Bed in the premier suite at Mandarin Oriental, Paris

Six simple ways to improve your sleep

A sound night’s sleep is crucial for our health, wellbeing and happiness. But sometimes we all need help switching off at night. We asked yoga teacher and sleep expert Natasha Kerry for her six essential tips, which exlpore ways to relax, still your mind and get a restorative night’s rest

Breakfast on a table at The Landmark Mandarin Oriental, Hong Kong

Find your rhythm

The actions you take throughout the entire day have an effect on your sleep at night and getting up at a consistent time is as important as a regular bedtime. Your body will fall into a rhythm, waking you up without an alarm and making you feel sleepy around bedtime. The good news? Getting up a little later shouldn’t have too much of an effect. In fact, up to two hours’ extra sleep at the weekend can be very nourishing.

Girl looks at mobile phone on a bed at nighttime

Tweak your tech

Our devices emit blue light, which disrupts melatonin production, signalling that your brain should stay awake. From early evening onwards, use apps and filters to reduce the blue light emissions from your phone and computer, such as iPhone’s Night Shift setting. It’s also important to switch off from tech before you go to sleep. Set an alarm an hour before bed, then start turning off all your devices, putting your phone on Airplane mode if you’re listening to a sleep meditation.  

Bath and bathroom at Mandarin Oriental Hong Kong with view of city

Cool down

Your body likes to be cool at night because that’s naturally what happens when the sun goes down. People often think that a bath helps you fall asleep as it makes you warmer, but the opposite is true: when you get out of the bath, your body temperature rapidly drops, and that’s what helps you drift off more easily.

Woman practises meditation outdoors

Tune into your body

Focus on physical sensations, rather than thoughts, to stop your mind racing. Try listening to a guided sleep meditation, or simply bring your attention to your body – imagine it sinking downwards, becoming heavier. Yoga poses can also help, such as lying down with your legs propped up against a wall. That’s my go-to pose if I’m struggling to fall asleep, as it lowers the heart rate, calms the breathing and reduces any inflammation in the body. Many Mandarin Oriental hotels are offering a calendar of live streamed online wellness classes, including yoga and meditation to help you sleep better. Visit MO’s social media channels for times and schedules.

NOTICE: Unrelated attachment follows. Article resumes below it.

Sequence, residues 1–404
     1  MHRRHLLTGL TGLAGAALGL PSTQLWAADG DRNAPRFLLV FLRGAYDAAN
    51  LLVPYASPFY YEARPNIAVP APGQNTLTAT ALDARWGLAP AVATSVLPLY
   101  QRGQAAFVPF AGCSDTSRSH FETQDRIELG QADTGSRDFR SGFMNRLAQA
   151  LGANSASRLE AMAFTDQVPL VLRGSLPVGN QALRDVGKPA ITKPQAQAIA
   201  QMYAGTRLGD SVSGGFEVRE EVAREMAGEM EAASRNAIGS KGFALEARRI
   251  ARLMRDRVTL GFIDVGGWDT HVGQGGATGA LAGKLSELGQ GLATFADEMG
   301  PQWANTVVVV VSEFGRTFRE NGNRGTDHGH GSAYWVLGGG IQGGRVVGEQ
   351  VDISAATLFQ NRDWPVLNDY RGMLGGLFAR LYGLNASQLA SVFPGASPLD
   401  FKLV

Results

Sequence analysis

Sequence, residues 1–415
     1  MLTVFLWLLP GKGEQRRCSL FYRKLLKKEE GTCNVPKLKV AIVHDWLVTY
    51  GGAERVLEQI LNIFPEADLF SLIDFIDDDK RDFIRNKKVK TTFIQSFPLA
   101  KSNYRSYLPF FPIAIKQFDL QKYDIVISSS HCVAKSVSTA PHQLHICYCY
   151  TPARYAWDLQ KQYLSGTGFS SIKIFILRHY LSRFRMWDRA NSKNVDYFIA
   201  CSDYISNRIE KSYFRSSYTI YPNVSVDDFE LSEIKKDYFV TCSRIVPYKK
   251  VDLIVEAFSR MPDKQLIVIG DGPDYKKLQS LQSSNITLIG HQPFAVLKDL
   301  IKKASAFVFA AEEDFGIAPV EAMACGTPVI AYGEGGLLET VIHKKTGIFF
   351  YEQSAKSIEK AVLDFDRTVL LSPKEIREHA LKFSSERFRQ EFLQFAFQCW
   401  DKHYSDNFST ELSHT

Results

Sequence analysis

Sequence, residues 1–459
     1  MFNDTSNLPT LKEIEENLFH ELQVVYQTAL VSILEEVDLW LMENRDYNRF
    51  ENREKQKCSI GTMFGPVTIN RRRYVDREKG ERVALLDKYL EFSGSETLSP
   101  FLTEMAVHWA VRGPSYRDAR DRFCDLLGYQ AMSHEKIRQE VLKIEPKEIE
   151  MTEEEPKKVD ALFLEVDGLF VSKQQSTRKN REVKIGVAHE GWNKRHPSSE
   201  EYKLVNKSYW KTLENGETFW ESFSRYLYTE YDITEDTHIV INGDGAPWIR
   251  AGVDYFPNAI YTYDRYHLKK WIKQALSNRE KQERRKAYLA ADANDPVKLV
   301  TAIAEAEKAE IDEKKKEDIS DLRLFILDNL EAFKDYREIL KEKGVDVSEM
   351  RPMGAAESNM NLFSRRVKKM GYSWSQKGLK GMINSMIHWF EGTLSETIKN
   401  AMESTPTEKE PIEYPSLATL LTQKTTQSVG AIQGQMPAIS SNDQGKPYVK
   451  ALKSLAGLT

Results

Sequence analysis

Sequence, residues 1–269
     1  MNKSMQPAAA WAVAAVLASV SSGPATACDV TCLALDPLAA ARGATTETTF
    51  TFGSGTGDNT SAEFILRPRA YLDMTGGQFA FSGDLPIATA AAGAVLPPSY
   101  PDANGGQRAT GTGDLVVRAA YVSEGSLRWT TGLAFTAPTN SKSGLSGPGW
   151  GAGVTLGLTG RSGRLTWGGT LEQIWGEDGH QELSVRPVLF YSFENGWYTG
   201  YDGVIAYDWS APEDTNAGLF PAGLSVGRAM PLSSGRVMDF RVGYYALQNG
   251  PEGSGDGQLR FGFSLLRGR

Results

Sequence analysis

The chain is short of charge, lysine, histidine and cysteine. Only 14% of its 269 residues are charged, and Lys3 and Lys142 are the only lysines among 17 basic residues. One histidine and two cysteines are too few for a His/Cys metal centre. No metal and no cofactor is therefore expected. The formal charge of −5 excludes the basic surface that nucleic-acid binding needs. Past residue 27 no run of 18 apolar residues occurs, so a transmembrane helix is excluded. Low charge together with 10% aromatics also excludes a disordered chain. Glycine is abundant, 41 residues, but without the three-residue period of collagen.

Bananas in a tray

Try a midnight snack

Don’t go to bed hungry! If you eat early – before 7pm – it’s common for your body to run out of fuel by 3am and then produce cortisol which will wake you up. To sleep through until the morning, make sure you have enough fuel; eat a proper meal, which should include carbohydrates, a few hours before bed. Alternatively, bananas are rich in potassium and magnesium, both of which act as muscle relaxants, so are a great snack to eat just before bed, or if you wake up hungry in the early hours.

Essential oils in bottles on a table

Find your perfect blend

Essential oils can help you to relax and unwind, though use a carrier oil if you’re applying them directly to the skin. Coconut oil is good, as it’s a cooling rather than a warming oil. Otherwise, use a few drops of essential oils on your pillow. Lavender is the classic choice, but it’s not the only option. Clary sage is good for anxiety and promoting sleep, and marjoram’s very soothing; try a blend of the two, for deep, restorative sleep.

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